Title: How Developers Can Better Deliver Training and Workshops Date: 2013-05-08 Tags: howto, effectiveness, speaking, presenting, training

Note that this IS NOT a PowerPoint How-To. Read a couple of those later (by people other than myself).

What’s the Problem?

This past weekend, I attended the Kansas City Developer’s Conference (in Kansas City in case you didn’t have that figured out yet).

While I thoroughly enjoyed the conference and all of the sessions I attended, one thing that surprised me a bit is that I do not think most of the speakers had spoken in front of groups this size before.

That was very encouraging for me, as I was afraid the barrier to entry in this or any other event of this size would be way over my head, but I think I can be an asset.

But, it also leads me to this post. I was a bit amazed at how many times I saw the same mistakes repeated in each presentation or speech. It wasn’t true of every session or every speaker, nor would I say that one speaker made all of these mistakes.

Also, the only reason I know they are mistakes is because I have made them myself!

I have had the fortune of having some great mentors and coaches throughout my career so far; I’d like to share the things I’ve learned.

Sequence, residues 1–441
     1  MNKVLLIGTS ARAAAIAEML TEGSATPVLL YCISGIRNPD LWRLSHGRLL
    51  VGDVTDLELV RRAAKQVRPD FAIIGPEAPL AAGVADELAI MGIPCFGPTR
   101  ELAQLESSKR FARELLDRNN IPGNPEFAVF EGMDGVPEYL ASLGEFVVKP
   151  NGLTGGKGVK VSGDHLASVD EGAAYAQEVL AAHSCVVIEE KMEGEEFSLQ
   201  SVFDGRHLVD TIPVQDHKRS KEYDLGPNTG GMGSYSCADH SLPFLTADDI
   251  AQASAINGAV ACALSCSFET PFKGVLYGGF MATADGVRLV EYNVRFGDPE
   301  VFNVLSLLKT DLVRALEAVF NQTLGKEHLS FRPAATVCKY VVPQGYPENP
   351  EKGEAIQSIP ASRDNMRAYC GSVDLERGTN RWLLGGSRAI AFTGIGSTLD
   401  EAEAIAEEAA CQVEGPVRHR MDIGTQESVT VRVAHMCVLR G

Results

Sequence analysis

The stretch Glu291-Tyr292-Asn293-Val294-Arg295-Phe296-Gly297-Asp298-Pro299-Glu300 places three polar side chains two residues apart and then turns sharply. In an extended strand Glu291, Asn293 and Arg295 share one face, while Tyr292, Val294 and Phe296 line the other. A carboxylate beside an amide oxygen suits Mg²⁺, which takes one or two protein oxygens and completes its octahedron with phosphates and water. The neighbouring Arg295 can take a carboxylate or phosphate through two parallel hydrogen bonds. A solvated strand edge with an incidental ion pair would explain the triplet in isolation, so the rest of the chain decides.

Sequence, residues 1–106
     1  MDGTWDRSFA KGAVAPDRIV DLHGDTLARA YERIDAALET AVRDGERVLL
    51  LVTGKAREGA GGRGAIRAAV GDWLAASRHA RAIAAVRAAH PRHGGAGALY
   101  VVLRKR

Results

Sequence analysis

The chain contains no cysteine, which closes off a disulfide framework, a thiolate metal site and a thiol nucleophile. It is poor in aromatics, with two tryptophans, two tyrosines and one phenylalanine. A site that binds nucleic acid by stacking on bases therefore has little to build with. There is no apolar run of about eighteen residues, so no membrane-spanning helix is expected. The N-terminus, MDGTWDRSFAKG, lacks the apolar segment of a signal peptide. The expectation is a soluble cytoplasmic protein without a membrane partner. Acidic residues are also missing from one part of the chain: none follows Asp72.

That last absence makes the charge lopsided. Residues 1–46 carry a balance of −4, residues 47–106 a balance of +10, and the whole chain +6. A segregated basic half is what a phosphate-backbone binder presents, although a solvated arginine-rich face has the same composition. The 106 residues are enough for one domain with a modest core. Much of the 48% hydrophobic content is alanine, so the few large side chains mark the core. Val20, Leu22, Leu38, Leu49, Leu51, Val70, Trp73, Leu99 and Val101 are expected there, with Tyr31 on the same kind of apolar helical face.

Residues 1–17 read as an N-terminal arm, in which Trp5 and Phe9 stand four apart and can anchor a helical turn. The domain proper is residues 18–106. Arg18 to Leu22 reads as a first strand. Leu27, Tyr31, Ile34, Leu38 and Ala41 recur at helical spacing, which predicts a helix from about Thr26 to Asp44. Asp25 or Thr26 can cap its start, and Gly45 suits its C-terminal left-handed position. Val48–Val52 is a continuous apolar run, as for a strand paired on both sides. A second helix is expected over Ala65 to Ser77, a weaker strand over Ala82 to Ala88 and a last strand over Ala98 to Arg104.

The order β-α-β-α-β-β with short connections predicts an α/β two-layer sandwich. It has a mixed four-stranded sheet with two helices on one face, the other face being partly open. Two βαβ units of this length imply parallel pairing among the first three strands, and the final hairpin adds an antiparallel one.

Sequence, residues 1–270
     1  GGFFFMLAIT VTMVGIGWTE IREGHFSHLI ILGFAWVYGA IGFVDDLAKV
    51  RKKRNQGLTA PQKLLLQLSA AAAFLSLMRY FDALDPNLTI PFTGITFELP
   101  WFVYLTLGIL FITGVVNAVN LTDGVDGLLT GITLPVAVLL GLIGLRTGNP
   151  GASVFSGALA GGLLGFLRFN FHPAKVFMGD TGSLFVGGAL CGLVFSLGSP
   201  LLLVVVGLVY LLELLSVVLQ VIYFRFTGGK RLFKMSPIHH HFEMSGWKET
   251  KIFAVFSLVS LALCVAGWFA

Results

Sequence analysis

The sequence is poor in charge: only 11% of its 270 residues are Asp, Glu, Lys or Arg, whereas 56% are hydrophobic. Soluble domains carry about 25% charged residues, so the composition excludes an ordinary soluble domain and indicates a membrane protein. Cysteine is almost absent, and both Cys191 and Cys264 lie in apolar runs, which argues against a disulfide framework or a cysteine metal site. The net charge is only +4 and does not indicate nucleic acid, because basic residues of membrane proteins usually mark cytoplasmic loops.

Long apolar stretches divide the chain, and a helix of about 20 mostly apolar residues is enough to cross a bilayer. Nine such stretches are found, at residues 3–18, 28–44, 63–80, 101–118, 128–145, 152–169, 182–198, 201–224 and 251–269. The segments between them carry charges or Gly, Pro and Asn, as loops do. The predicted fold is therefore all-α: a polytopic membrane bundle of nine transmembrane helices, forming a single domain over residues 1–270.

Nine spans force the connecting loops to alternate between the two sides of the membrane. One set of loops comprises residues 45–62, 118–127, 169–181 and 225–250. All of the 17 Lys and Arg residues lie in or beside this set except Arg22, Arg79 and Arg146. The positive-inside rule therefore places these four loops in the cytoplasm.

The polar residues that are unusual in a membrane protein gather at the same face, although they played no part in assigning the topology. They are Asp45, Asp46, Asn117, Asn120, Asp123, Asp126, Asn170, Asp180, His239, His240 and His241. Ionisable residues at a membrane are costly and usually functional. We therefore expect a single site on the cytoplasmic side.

Where does the problem come from?

I’m not entirely sure, but I think it all starts with the lack of a feedback loop. I worry about suggesting that everyone should ask for feedback at the end of your presentation, but really, everyone should.

There were no surveys, no requests for feedback, nothing. Being that I love sharing my opinion, I gave my unsolicited feedback to a lot of people :-) And now, I’m sharing that with you as well. Well, that’s kind of your fault, you’re the one reading this! Going back over the KCDC site now, I see that Dusty Burwell and Boon Lee have added a link to give feedback. +1!

Couple that with the fear of speaking in front of people, a developer’s natural tendency will be to try to become a subject matter expert and put all of their effort into that, and not stop to think about how to effectively pass that information on to someone else.

Some simple items to include

So with that, here are some simple steps to improve your presentation or workshop. This is by no means an exhaustive list, but these are some of the recurring things that I saw this past weekend.

Preparing for the presentation

I kinda hate the DOs / DO NOTs, but that seems to fit here.

During the Presentation

Final Feedback

Instead, consider gasp pencil & paper! Or a survey at the very end.

A Closing Thought

As the note said above, this is not how to create an effective PowerPoint. There are plenty of tips and tricks around that on the web, and after you have considered the above, I highly recommend you read up on that.

But above all else, try to be mindful of your audience and do not run at full production speed. (Hello, pot!) Make sure that they are keeping up and are able to comprehend what you are saying. As mentioned in the book Slack and probably 5 million other places, people need to be able to practice first at a slower speed, be patient and slow down.